It seems I am seeing a lot of products to place in your produce drawer or to put produce in to make it stay fresh for a longer period of time. Being thrifty by nature (OK, I am cheap – 😉 – so blame it on my genes) I have always had a problem tossing the last few shriveled up mushrooms into the trash.
The Food and Agriculture Organization of the UN published a report in 2011 on food waste, and it is no surprise that fruits and vegetables top the list. Indeed, I found many statistics regarding waste and did my own informal average of the reputable ones. I came up with 17% waste – we literally toss on the average 17% of the food we buy. The average cost per American household came to $750.00.
One day it actually occurred to me to google it – I came up with this list of tips:
- Never store in air tight containers – they need air to breathe, like us.
- It is best to store unwashed until use. If you must wash produce ahead of time, store with a paper towel
- Wrap celery in aluminum foil with a paper towel to absorb moisture
- Store blackberries, blueberries, raspberries and strawberries in a single layer, if possible. Second best is in a container with a colander built in that does not close too tightly.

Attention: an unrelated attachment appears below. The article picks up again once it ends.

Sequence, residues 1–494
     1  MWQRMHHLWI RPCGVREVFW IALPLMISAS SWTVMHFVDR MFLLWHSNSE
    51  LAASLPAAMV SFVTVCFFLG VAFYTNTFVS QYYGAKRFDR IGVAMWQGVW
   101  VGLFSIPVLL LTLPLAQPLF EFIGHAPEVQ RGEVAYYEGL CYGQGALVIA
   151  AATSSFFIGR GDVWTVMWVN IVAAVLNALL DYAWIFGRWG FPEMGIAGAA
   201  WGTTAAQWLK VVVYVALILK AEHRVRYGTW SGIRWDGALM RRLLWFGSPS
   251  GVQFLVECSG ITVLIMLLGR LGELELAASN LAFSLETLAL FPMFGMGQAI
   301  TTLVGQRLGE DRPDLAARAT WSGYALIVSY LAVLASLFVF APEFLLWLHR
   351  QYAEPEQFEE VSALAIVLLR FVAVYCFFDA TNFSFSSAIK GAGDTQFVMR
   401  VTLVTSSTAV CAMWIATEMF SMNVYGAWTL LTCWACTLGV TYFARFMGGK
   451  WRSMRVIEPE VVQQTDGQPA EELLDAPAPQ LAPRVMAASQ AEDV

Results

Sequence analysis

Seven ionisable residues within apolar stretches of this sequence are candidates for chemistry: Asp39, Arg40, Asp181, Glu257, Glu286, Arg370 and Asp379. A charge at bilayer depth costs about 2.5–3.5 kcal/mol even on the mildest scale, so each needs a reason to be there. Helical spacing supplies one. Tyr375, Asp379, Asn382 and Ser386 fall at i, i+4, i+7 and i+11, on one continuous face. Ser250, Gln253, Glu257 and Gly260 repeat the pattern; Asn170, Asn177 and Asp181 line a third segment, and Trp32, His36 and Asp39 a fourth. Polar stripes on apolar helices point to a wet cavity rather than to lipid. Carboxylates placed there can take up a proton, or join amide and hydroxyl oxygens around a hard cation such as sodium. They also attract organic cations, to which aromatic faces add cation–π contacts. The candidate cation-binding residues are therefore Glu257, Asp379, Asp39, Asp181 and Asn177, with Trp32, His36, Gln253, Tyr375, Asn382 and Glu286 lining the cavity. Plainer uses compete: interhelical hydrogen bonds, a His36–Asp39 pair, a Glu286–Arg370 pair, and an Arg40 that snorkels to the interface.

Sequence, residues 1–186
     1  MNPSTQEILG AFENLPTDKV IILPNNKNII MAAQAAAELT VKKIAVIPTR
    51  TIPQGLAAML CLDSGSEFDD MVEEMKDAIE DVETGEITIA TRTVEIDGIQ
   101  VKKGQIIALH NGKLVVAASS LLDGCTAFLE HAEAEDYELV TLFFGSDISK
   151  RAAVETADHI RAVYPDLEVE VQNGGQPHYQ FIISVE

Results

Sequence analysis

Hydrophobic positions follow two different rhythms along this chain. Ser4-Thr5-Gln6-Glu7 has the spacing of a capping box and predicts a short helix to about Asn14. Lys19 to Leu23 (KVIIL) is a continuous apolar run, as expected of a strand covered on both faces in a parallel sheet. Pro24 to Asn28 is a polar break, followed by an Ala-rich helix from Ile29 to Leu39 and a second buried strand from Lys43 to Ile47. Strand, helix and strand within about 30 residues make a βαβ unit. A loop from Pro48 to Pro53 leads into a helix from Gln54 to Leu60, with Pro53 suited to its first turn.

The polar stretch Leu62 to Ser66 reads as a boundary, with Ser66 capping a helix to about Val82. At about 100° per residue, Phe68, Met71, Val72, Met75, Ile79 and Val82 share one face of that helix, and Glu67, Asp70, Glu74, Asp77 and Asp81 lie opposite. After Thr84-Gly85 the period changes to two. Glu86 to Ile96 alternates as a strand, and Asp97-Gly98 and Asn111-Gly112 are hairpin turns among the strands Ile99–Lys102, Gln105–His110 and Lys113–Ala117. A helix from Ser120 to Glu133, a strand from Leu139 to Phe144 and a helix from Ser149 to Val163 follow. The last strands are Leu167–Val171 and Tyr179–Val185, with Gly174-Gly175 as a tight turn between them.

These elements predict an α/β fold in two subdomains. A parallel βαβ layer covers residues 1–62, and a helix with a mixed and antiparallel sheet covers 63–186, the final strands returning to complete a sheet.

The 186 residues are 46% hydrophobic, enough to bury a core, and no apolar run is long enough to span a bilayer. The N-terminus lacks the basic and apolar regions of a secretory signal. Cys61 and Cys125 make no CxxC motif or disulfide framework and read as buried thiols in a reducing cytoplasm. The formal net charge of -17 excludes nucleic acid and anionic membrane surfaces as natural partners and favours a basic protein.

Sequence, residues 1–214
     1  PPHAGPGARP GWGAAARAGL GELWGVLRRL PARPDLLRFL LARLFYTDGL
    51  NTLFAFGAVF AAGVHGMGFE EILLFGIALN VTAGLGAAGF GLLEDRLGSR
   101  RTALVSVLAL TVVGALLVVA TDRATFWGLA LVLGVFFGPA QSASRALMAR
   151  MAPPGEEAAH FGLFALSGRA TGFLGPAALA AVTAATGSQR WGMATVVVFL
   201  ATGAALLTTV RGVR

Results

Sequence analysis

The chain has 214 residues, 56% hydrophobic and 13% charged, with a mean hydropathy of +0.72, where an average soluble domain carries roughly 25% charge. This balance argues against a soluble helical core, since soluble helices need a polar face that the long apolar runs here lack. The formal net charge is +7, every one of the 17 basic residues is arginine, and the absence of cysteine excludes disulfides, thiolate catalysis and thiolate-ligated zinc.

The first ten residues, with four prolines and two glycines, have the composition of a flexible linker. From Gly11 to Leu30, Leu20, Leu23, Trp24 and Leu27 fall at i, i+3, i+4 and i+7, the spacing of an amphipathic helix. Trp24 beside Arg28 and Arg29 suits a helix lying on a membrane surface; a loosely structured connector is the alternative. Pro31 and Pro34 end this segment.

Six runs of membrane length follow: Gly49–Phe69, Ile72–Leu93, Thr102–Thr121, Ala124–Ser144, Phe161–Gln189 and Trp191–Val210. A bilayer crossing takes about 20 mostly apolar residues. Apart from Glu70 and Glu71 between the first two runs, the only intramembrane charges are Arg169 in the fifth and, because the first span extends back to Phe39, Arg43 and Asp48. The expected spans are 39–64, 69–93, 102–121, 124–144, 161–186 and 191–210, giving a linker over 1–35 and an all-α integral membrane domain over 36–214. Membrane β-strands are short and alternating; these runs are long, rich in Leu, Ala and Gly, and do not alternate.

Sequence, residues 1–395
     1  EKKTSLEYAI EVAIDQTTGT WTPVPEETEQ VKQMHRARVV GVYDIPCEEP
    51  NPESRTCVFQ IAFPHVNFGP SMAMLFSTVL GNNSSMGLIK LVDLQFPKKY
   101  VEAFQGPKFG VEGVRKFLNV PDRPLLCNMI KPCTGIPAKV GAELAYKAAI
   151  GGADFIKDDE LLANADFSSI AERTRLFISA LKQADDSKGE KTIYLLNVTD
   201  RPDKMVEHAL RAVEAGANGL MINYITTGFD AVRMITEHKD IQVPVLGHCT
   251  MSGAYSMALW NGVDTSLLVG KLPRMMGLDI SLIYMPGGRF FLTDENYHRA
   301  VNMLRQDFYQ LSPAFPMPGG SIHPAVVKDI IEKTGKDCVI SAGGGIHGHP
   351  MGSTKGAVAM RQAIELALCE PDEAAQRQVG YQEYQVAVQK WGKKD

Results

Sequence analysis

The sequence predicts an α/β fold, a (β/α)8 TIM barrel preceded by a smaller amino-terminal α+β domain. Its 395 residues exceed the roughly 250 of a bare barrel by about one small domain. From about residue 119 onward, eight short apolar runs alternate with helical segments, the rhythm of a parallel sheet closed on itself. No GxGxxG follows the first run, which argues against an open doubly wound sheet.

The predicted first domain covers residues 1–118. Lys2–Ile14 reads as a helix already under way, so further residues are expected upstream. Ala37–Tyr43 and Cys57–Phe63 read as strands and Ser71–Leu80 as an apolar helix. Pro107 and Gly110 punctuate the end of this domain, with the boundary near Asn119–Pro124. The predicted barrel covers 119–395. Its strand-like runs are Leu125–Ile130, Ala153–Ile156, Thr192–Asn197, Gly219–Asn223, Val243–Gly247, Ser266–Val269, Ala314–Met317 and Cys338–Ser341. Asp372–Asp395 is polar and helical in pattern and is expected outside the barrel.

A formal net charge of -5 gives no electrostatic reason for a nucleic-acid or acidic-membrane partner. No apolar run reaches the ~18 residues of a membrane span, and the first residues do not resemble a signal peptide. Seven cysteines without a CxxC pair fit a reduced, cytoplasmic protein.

- Store leafy greens separately
- Apples, bananas, and tomatoes do not need to be refrigerated if eaten within 7 days.
- Place mushrooms in a brown paper bag on a shelf in your refrigerator – the bag will absorb moisture. Dried mushrooms can be rejuvenated if soaked in water, or added to sauces.
- Fruit that releases ethylene gas must be stored separately:
- When in doubt, think of how it is stored at the grocery store, and do the same at home.
- Shop the produce section last and keep produce at as low a temperature as possible
- Eat all the perishables within one week of purchase
And speaking of bananas, do you know how to open a banana like the monkeys do? You hold it upside down and squeeze the very bottom. No struggles. It pops open so easily that even I can do it!